Telephone networks and the internet, which were cut off on Sunday evening, are yet to be restored even as tens of thousands of troops patrol the streets.
The revocation of special status was expected to trigger widespread protests, but there is no word on how people have reacted to the news.
Local leaders have also been detained.
The Himalayan region of Kashmir is claimed in its entirety by both India and Pakistan, but they each control only parts of it.
There is a long-running separatist insurgency on the Indian side, which has led to thousands of deaths.
The BBC's Aamir Peerzada in Srinagar, who managed to speak to colleagues in Delhi on Monday, said: "No-one knows what is happening in other parts of the state - we can't talk to anyone else. People are concerned - they don't know what is happening, they don't know what is going to happen."
Kashmiris in other parts of the country have said that they are unable to get through to their families and that they are worried and scared. One Delhi-based student told the Indian Express newspaper that he had even tried calling the local police station to ask about his family but to no avail.
Article 370: India strips disputed Kashmir of special status
What happened with Kashmir and why it matters
'India has betrayed Kashmir'
For many people in Indian-administered Kashmir, Article 370 - as the law guaranteeing special status was known - was the main justification for being a part of India and by revoking it, the BJP-led government has irrevocably changed Delhi's relationship with the region, says the BBC's Geeta Pandey.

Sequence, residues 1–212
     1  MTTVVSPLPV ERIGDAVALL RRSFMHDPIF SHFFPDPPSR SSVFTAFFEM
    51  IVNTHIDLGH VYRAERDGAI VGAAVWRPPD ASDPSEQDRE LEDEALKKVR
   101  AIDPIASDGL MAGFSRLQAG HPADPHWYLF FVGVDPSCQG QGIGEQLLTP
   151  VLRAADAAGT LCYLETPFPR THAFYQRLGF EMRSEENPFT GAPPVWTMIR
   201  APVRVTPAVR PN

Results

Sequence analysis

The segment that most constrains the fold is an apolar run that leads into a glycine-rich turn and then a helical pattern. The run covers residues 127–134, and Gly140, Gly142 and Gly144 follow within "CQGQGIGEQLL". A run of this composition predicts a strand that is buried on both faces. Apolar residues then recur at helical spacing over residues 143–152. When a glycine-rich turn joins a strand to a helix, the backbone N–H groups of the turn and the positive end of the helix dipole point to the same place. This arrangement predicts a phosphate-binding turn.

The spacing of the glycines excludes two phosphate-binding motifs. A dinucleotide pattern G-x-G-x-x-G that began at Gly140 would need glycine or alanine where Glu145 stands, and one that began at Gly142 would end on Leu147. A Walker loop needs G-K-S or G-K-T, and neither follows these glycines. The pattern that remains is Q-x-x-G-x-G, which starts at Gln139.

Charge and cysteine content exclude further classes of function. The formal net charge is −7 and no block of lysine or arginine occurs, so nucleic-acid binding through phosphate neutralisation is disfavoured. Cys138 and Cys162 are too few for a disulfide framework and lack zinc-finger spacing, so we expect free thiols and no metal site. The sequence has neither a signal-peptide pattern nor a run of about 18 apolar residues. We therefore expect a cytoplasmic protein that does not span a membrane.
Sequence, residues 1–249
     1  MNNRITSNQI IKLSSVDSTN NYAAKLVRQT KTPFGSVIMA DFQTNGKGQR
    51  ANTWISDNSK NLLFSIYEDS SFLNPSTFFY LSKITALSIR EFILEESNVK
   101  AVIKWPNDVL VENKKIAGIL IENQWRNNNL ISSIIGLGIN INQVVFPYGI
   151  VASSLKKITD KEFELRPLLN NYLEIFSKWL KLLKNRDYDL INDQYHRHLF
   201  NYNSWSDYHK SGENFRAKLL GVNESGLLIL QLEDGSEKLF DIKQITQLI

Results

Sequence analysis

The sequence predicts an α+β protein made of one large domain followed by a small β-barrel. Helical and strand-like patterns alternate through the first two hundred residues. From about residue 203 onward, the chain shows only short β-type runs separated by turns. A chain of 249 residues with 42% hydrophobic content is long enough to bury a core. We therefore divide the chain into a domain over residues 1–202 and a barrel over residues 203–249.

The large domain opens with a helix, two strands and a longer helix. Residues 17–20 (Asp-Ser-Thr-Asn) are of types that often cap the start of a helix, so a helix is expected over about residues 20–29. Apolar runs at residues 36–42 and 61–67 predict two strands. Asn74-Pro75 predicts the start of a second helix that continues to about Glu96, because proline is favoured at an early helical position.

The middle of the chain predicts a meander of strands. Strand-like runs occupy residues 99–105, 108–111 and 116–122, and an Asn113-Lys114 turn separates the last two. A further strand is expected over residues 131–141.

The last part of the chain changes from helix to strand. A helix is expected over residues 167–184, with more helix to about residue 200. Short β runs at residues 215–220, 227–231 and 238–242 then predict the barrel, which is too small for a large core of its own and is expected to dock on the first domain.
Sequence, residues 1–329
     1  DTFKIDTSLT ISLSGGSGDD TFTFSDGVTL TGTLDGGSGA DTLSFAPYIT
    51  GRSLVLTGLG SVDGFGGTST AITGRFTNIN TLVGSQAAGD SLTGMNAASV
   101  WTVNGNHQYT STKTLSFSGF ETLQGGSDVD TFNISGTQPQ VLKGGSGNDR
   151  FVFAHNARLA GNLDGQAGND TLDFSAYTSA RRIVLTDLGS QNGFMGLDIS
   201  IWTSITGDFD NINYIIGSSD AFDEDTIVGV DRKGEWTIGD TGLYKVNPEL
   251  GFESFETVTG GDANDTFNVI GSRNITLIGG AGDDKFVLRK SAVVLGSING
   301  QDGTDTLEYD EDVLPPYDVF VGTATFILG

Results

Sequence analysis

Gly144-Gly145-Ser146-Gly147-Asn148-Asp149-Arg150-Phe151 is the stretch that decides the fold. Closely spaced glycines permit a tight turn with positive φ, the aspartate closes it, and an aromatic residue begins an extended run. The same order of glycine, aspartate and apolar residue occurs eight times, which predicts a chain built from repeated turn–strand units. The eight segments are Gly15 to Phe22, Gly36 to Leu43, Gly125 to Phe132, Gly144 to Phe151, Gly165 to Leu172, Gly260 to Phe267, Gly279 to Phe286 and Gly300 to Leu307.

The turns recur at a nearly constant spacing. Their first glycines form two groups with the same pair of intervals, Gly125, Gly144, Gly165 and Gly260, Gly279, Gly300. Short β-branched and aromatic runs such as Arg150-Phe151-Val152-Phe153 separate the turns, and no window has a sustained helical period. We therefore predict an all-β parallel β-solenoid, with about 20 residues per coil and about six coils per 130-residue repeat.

The article allowed the the Indian state of Jammu and Kashmir a certain amount of autonomy - its own constitution, a separate flag and the freedom to make laws, though foreign affairs, defence and communications remained the preserve of the central government.
As a result, it could make its own rules relating to permanent residency, ownership of property and fundamental rights. It could also bar Indians from outside the state from purchasing property or settling there.
The revocation of special status is currently being debated in the lower house of parliament, where a bill relating to the division of Jammu and Kashmir into two distinct regions has been introduced. The bill was passed by the upper house on Monday.
In the days leading up to Home Minister Amit Shah's parliamentary announcement on Monday that Article 370 had been revoked, tensions were high in the Kashmir valley as tens of thousands of additional troops were deployed to what is already one of the world's most militarised zones.
Tourists were asked to leave, Hindu pilgrims making an annual religious trek were asked to return home, and schools and colleges were shut. Local media had reported a "terror threat" against religious pilgrims, but there was no suggestion that the federal government was planning to revoke Article 370.
Assuming the worst, concerned locals stockpiled food that would last for months, correspondents in the region said. In anticipation of the communication blackout that was to come, police personnel were issued with satellite phones.
On Sunday night, two former chief ministers were placed under house arrest and communications networks were blocked. Since then, the region has been under a virtual blackout with little information coming out.
Additional troops have been deployed following Mr Shah's announcement on Monday and there is no indication of when communications will be restored. Local news reports say that people are being allowed to enter the region.
The stripping of special status from Indian-administered Kashmir has drawn sharp criticism in parliament, with one opposition party demanding to know where local politicians are and why the house was not informed ahead of their arrest. However, the opposition is divided, with some parties openly backing the decision to revoke Article 370 and bifurcate the state.